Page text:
It's different today. Barbic points to a large city street map hanging in his office. It's been violated with hundreds of pushpins, each one representing the home of a YES student. Forty different ZIP codes have pins in them. Barbic had to study that map for hours on end in order to chart the school's busing system. Then he had to drive the six routes himself to make sure his plan worked.
"It was the logic puzzle from hell," he says.
Barbic would rather be teaching students. At Vanderbilt University in Nashville, he majored in English and pre-law. After graduating, he hooked up with Teach for America, an AmeriCorps program that allows young people to earn teacher certification in exchange for a two-year commitment to teach in a poor neighborhood. Barbic landed at Rusk Elementary in Houston. He took over a class of sixth-graders who had all flunked the TAAS. He inspired them to do better only to find out after they graduated that some had joined gangs. That's when he and other dejected Rusk faculty members got together to form Project YES.
Of the 16 teachers at YES College Prep, 10 are Teach for America graduates.
"Everybody here works ridiculous hours," Barbic said recently while playing host on a campus tour. "I got home last night at 9:30, and the summer school classes end at 1. I have no life. I mean, I just got married, but other than that, I have no life. This is my life."
It takes commitment. It takes people who care.
Deborah Lott cared. In fact, she cared so much about the students attending the neglected and nauseating Arlington branch campus of Renaissance Charter School that she nearly broke down in tears while speaking to the Board of Education in May.
"You really have to excuse me," she said after her voice began to crack, "because I'm really upset about all of this, and it's been very traumatic for all of us. But no child, not anywhere, regardless of who they are, should ever have to try to be educated under these circumstances."
Lott was the principal of the Arlington school. Or is she still the principal? She's not sure.
"I have no idea what my status is," she said recently. "They are not cooperating with me."
"They" is basically one man: Renaissance CEO Don Jones, a gray-haired philosopher with a professorial moustache, beard, and pot belly. Jones talks about the "paradigm shift in public education" that led to the birth of Renaissance in 1996. He talks about the need that exists to "think outside the box." He talks about how the Irving Independent School District where he worked as a teacher for 14 years was neglecting its middle class of students and how all the attention was paid to jocks and cheerleaders and troublemakers, leaving "the forgotten half," well, forgotten.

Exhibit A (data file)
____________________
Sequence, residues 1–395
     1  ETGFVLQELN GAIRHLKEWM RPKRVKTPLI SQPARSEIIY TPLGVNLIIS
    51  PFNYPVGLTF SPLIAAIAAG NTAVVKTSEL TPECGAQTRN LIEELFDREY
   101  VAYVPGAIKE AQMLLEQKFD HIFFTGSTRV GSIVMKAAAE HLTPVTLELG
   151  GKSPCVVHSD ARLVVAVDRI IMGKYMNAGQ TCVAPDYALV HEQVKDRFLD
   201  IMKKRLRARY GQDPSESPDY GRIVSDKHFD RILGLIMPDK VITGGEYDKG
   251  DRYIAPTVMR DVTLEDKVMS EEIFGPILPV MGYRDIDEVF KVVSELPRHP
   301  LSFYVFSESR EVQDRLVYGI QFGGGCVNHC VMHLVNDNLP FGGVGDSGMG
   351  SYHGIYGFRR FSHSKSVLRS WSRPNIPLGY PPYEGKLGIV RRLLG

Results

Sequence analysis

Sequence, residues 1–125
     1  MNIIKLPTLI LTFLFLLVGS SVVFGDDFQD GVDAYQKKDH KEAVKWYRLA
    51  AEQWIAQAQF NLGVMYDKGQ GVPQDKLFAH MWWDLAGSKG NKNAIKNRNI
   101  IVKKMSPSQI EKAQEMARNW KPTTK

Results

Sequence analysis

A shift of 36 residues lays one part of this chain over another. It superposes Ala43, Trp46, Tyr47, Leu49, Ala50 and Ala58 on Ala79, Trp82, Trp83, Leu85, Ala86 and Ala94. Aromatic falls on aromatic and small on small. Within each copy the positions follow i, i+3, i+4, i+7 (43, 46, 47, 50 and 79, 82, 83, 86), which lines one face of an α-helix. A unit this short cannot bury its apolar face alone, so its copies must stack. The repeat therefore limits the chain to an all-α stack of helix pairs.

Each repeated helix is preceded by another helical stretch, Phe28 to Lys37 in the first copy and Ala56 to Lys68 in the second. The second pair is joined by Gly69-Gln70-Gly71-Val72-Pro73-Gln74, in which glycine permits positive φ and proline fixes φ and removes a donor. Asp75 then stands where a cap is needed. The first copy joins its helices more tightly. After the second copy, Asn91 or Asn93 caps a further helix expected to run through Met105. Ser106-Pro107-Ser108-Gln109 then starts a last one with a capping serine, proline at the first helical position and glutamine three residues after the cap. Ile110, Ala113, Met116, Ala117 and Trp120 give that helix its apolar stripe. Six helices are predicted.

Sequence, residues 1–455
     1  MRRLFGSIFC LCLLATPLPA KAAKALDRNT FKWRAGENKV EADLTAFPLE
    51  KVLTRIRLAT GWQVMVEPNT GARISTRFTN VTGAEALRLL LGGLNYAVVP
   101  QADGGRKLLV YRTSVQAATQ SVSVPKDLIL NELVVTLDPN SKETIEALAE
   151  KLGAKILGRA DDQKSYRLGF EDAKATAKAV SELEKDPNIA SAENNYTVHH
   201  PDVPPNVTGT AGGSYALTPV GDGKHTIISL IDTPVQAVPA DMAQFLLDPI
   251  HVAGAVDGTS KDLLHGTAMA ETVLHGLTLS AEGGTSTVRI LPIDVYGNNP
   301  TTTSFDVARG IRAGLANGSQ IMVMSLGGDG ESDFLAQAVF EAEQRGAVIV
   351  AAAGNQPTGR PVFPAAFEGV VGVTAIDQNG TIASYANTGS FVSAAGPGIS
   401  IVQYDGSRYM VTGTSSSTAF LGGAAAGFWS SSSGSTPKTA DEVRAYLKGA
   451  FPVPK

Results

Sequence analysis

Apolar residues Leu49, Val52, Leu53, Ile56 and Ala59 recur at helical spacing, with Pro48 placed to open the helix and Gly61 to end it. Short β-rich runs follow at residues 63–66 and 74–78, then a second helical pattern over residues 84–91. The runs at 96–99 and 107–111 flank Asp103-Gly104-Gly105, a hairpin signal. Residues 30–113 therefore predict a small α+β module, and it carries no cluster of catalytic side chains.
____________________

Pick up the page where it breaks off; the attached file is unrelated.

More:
Those are the students Renaissance has tried to attract. The middle. The branch campus in Arlington, however, was bottom-feeding. As a result, it never quite fit in.
Operating inside a sharp, 55,000-square-foot former office complex on North Belt Line Road in Irving, Renaissance's reputation as a top-notch charter school came despite many shortcuts to make financial ends meet. The school purchased a $250,000 computer data network to link the school's four campuses to the Internet, but the tricky system is run by a baby-faced guy who looks as if he should be in high school. Actually, he and his three full-time assistants range in age from 19 to 24, and Jones admits the salaries he pays them take their ages into account.
"That's part of it -- bringing in people who cost less," he says. Renaissance may well be the most resourceful school in Texas -- for better or worse. Instead of buying triple-beam balance scales, the school had students make some from scratch out of drinking straws, a small plastic cup, and a wooden base. Jones reasons that the students understand more about the science by building the instrument. "We cannot provide the same levels of educational opportunity that a traditional school has. What we lack in that, we make up in depth of understanding."
He calls that the "constructionist view of education."
In another effort to cut costs, the school has its students bring sack lunches rather than feeding them a hot meal. Jones says the school meets federal requirements of providing a free meal to underprivileged students by serving breakfast instead of lunch. He maintains that no student goes hungry at lunch as the Renaissance family will pitch in to provide a free meal.
Also to save money, Renaissance opted to ditch school buses in favor of providing kids a reduced-price bus pass with Irving's city transit. Jones says few kids take advantage of the option, choosing instead to drive to school themselves, carpool with friends, or commute with their parents, some of whom work in nearby Las Colinas.
Renaissance's annual budget is more than $4 million, Jones says. The school receives about $300,000 in federal grants and $150,000 in corporate donations a year. He says corporations are hard-sells because they prefer to give to traditional public schools, where their benevolence is rewarded with greater visibility.
Traditional public schools have other financial advantages. They can pay for their facilities through voter-approved bonds, while charter schools must pay for them out of their operating budgets. Jones says 18 percent of Renaissance's budget is for rent payments.
"Running a charter school is a tremendous, tremendous -- and I underline tremendous -- financial challenge," he says.